My good friend and colleague, Tom Bechman, wrote an excellent blog earlier this week about education, which has been solidly on my mind since embarking on our February cover package on education (See here, here and here. And here.)
Tom even took time to share a sidebar for my story about what's happening in Indiana. Some folks in Illinois think Indiana was fairly progressive in encouraging/forcing consolidations a couple decades back, but from what Tom says, the verdict may still be out on that one.
What especially interested me in Tom's blog, though, was the comment at the bottom from Dave Nanda. Dave is a crop consultant in Indiana who's a veritable corn expert, and also a very nice guy. In questioning the Indiana school system, he made a huge point: we criticize the teachers, the students, the administrators, the school buildings and the school size…but where are the parents?
(Also, this is unrelated but I think not coincidental…a friend just posted on Facebook: "Did you know parents spent $1.6 million on thong underwear for 7-12 year olds? WHERE ARE THE PARENTS?" Strange. Frightening.)
Anyway, as I read Tom's blog and Dave's response, I realized how much more optimistic I was before my kids started school a couple years ago. Ignorance was bliss. However, on Monday, for example, I was at school to help with Valentine parties and was struck, once again, with how many kids aren't even dressed appropriately for the weather. It's February in Illinois, people.
And beyond that, what we don't see; how many kids are hungry, how many kids saw or heard atrociously awful things in their homes last night. And somehow we expect them to come to school and learn? And now – at least under consideration in Indiana – we're going to (essentially) dock the teacher's pay for tardy students?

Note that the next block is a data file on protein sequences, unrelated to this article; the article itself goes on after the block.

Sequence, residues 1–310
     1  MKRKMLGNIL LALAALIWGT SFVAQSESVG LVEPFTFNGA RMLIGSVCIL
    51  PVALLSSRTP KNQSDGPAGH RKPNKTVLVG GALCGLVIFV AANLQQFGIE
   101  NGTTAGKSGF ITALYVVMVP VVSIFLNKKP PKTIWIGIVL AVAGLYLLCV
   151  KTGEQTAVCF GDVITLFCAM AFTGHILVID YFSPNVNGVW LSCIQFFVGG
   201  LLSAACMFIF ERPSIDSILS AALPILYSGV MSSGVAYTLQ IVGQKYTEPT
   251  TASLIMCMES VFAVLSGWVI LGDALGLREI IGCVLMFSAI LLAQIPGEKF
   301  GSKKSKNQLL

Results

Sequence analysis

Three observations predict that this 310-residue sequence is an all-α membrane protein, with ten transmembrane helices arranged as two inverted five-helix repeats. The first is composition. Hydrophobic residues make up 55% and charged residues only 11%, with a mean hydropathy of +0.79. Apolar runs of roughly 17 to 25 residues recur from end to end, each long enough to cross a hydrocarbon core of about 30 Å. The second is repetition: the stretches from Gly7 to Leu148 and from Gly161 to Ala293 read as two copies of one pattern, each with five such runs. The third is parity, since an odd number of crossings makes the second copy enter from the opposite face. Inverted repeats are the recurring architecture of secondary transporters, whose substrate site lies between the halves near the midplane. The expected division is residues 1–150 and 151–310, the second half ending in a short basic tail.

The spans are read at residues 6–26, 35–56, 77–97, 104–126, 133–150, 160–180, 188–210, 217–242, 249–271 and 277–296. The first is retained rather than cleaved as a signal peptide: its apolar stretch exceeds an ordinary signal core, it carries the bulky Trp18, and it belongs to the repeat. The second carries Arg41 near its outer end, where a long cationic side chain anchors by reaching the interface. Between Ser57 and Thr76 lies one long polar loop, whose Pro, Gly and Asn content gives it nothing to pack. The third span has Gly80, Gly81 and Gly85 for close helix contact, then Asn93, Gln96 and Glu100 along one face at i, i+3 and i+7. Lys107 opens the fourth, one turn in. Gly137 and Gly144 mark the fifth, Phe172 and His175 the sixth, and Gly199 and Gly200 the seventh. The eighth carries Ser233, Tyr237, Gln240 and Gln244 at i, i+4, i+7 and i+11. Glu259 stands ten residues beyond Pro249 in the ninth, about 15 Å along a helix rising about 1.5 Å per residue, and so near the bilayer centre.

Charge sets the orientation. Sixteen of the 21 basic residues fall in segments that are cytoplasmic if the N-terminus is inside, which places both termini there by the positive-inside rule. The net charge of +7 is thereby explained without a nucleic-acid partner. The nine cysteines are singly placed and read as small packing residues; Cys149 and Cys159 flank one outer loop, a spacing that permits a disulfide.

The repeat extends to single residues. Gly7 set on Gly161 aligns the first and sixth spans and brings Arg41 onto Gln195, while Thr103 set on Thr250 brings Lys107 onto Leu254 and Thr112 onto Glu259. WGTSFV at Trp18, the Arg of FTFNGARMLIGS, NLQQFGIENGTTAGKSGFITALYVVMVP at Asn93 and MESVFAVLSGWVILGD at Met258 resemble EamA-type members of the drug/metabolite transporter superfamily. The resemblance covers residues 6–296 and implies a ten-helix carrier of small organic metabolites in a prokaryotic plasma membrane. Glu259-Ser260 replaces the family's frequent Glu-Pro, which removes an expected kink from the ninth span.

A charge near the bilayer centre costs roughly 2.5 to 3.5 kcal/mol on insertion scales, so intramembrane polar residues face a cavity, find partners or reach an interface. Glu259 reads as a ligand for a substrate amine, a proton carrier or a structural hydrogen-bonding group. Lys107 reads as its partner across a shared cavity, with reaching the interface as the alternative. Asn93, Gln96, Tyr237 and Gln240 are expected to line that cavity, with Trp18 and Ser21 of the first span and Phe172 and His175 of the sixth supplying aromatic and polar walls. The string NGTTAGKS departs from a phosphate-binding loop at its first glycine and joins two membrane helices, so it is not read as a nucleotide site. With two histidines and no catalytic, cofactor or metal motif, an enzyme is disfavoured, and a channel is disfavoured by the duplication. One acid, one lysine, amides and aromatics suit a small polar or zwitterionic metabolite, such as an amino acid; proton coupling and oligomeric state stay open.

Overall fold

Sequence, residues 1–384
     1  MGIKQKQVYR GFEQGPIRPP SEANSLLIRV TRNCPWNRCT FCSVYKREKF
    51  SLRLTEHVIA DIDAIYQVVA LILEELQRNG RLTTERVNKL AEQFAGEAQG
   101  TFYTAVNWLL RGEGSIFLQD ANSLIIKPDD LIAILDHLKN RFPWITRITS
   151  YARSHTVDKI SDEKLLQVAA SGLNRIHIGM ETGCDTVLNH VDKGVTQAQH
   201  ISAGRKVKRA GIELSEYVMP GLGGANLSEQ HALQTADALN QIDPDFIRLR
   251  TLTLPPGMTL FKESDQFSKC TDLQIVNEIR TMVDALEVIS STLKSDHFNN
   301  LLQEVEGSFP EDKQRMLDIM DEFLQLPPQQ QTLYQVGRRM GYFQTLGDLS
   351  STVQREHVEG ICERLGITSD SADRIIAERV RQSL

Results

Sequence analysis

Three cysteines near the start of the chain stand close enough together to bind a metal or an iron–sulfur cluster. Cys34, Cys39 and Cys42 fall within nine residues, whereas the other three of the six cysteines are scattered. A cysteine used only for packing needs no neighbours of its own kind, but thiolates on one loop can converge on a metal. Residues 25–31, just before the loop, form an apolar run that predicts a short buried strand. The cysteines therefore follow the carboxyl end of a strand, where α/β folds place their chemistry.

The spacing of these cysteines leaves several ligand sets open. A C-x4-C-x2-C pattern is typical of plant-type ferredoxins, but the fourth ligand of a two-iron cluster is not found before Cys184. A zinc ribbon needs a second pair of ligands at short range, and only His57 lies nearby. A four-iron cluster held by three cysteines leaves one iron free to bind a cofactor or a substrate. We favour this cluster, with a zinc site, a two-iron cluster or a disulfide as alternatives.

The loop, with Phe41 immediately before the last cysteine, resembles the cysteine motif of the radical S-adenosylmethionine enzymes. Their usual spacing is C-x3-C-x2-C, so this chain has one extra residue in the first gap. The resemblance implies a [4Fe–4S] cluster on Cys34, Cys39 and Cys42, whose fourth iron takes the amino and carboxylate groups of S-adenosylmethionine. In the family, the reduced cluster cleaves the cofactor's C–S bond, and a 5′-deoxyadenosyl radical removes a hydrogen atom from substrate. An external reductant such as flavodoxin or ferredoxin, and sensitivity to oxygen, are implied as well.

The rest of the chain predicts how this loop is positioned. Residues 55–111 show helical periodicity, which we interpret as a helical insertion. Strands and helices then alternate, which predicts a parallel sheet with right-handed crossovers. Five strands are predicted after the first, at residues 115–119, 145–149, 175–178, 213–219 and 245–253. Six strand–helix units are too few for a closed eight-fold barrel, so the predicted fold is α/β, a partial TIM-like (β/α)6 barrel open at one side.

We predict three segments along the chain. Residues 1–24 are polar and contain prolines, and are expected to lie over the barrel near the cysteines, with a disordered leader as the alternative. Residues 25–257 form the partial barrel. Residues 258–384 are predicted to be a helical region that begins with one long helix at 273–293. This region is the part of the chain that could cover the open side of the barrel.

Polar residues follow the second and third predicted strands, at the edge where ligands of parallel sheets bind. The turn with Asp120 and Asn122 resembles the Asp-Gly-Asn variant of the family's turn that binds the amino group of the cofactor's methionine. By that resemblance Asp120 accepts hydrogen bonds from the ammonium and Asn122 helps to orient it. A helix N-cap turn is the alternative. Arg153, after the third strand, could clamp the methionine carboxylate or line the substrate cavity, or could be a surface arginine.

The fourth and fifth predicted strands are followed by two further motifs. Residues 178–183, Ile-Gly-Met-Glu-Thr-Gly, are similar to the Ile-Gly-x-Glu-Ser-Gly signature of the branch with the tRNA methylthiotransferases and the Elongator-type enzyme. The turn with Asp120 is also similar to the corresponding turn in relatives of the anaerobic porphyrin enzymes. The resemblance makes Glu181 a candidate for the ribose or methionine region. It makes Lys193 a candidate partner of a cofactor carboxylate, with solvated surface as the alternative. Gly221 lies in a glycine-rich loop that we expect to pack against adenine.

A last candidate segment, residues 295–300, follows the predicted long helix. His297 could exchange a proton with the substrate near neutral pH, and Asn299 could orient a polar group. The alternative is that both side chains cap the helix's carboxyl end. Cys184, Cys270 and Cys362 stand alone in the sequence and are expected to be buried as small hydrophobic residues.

One of the best quotes from one of the many school board members I talked to for my aforementioned cover story was fascinating. It didn't make it into the story as it was a whole other can of worms, but nonetheless, the school board member noted that rural areas are rapidly becoming a source of attraction for the socio-economically disadvantaged. And it's true. Well over 2/3 of this board member's school was on free/reduced lunches. This is a radical change from just a few years ago. Even further, some of these same children walk around with their own cell phones and Touch iPods. Not everyone, and I don't want to stereotype, but clearly some of our society has a problem with budgeting.
Regardless, Dave Nanda makes an excellent point. This is about parents taking responsibility for their children's education, for their well-being, for growing up themselves and encouraging excellence in every possible way.
Because here's the thing: we complain now about the state of our rural communities. Imagine what they'll look like in another 15 years if this doesn't turn around.